When Elizabeth Holmes was a freshman at Stanford University, she went home for winter break, and, in a ritual familiar to many elite college students of a particular background, sat around the table with her family to muse about her many options. During Christmas dinner, her father Christian Holmes IV, a former executive at Enron, wrote the letters “Ph.D.” on a piece of paper, folded it into a paper airplane, and sent it aloft. “No Dad,” Holmes replied. “I want to make money.”
Holmes would soon after drop out of Stanford to do just that: She founded the blood testing company Theranos and raised over $900 million by claiming to have invented a revolutionary new blood testing technology that could perform hundreds of life-saving tests on a small, slick device, using just a pinprick of blood. The only problem was that no such invention existed.
That dinner anecdote, relayed by Wall Street Journal reporter John Carreyrou in his 2018 book Bad Blood, did not make it into Alex Gibney’s much anticipated documentary on Holmes, The Inventor, which aired last week on HBO. And the omission is telling. The film focuses obsessively on Holmes’ personal qualities; her unblinking eyes, her capacity to charm, her secretive style, and the ways she fulfilled, and in some ways, belied stereotypes about Silicon Valley entrepreneurs.
Missing from the film, however, is any sustained effort to understand how Theranos interacted with the larger economic and social forces that nurtured it. In the hands of Gibney, the rise and fall of Theranos is reduced to a sort of personality puzzle, driven by the banal questions like: What was Elizabeth Holmes thinking? Is she a liar? How could seemingly competent investors be so misled?
That’s a shame, because the story of Theranos is so much more than that. At its root, it’s a parable that cuts to the central dysfunctions in the American economic and political order, one that should dismantle our notions of meritocracy and put a strict limit on our forbearance for elites. It illuminates how the rich and well connected occupy different strata of life, enjoy a completely different set of opportunities from the rest of us, experience a different kind of justice, and are so often immune from consequences. Though the film gives some glimpses of these dynamics, they are always in the background, shadowed by other far less compelling narrative impulses.
Gibney’s film does an admirable job of getting the uninitiated up to speed on the complex Theranos saga. It tells us how Holmes, armed with no particular scientific talent or medical training, convinced an ever-widening circle of investors and political elites to back her start-up. Even though her blood testing device never progressed far beyond an impressive high school science fair project, she evaded regulators for years, notched a $9 billion valuation, and landed on the cover of Fortune magazine. Gibney deftly explains how Holmes deceived veteran journalists, wooed big name investors, and eventually, convinced Walgreens to roll out Theranos blood testing centers in their stores, even though the company hadn’t really invented anything at all, and was secretly testing blood samples on other companies’ blood testing machines—the very companies it was promising to “disrupt.” It’s a long, and complex con. And Gibney synthesizes the deception well.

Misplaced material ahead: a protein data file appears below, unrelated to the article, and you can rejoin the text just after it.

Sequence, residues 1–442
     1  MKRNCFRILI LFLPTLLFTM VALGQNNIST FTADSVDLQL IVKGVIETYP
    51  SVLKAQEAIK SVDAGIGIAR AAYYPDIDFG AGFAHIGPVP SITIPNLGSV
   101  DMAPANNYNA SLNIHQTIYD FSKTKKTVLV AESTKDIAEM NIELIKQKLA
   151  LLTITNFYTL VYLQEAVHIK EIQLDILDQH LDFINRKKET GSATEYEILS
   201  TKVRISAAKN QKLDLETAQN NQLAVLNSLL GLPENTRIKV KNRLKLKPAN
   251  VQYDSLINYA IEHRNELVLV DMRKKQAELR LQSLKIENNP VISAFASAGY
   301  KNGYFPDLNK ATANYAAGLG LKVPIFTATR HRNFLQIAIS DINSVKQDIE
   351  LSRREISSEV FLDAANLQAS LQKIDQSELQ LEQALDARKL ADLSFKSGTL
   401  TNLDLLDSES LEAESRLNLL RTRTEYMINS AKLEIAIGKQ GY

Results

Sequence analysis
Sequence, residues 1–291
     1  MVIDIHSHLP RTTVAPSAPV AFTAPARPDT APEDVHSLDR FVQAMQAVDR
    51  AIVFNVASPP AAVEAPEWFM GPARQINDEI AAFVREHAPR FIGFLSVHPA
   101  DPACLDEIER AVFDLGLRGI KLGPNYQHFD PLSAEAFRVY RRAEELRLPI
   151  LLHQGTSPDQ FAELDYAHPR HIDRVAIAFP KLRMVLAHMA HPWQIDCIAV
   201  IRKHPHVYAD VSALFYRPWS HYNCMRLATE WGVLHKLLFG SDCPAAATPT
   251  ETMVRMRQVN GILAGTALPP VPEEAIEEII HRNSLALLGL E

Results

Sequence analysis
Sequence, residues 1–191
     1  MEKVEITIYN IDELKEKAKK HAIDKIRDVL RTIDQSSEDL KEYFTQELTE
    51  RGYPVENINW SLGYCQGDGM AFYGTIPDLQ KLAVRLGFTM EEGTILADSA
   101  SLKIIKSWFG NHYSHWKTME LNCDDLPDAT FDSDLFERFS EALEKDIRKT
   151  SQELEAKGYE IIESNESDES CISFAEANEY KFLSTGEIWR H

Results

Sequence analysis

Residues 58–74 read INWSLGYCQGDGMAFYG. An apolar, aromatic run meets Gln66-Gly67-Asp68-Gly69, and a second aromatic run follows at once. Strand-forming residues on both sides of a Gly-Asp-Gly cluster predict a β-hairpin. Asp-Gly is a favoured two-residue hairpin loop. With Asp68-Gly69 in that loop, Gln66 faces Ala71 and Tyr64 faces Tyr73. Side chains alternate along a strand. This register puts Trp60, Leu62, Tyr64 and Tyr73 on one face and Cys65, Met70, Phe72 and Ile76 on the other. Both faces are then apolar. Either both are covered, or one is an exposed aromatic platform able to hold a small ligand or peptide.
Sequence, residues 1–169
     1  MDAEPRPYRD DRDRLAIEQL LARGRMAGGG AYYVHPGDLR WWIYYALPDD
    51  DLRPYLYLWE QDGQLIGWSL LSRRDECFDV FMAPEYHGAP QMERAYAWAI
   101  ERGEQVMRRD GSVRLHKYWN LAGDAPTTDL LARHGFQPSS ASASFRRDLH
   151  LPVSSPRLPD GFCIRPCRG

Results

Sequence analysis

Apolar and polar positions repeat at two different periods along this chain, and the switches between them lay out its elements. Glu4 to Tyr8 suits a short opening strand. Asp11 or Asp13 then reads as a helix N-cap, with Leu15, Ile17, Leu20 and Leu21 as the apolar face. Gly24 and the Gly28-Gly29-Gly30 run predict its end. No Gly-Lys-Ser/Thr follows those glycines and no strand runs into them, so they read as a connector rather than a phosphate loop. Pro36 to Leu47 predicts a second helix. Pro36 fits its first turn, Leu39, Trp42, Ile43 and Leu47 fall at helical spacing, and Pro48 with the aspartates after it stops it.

But, the mechanics of the deception aren’t the most important part of the story. Gibney, to his credit, recognizes that. His searching voice-overs seem to plead to know what this all means. The sherpa that he chooses to guide us through this question is Dan Ariely, a professor of psychology and behavioral economics at Duke University, who’s obsessed with how Holmes may have rationalized her behavior, or in his words, how she worked to “bend reality” to suit her ambitions. Ariely appears periodically throughout the film to parse Holmes’s psychological disposition with his own quirky, counterintuitive insights about human motivation. He’s preoccupied by the question of whether she knew she was engaged in deception, or whether she was such a zealot that she deceived herself along with her investors and patients. Ariely seems to think Holmes actually believed Theranos could work, a view Gibney does not challenge. Both interviewee and filmmaker seem oddly fascinated by this possibility, as if charlatans who drink their own Kool-Aid were a novel feature of American life.
What Gibney seems to find so interesting is that Holmes’s capacity to lie—and, by extension, Silicon Valley’s tendency to dissemble—coexists with a sincere belief that the tech industry is trying to make the world a better place. The deceptions are so deeply rooted, we are told, because they are backed by good intentions. It’s a pretty banal insight. Ariely, the social scientist, takes a long beat in the middle of the film to explain an experiment he ran, which showed how subjects can fool a lie detector test if they are told that their lies will be rewarded with money given to charity.
The film wants us to dwell on all the ways in which Holmes herself embodies this phenomenon. Over and over again, the viewer is treated to repetitive, slowly zooming shots of Holmes appearing on the covers of magazines clad in all black; Holmes stalking the halls of her Palo Alto offices; Holmes giving corporate speeches in a deep baritone voice. Visually and thematically, Gibney obsesses over how Holmes played the part of “founder,” in the same way that Theranos’s famous old, white, male investors seemed to have fixated on aspects of her femininity. (In an audio clip played in the documentary, Henry Kissinger describes her as “ethereal.”)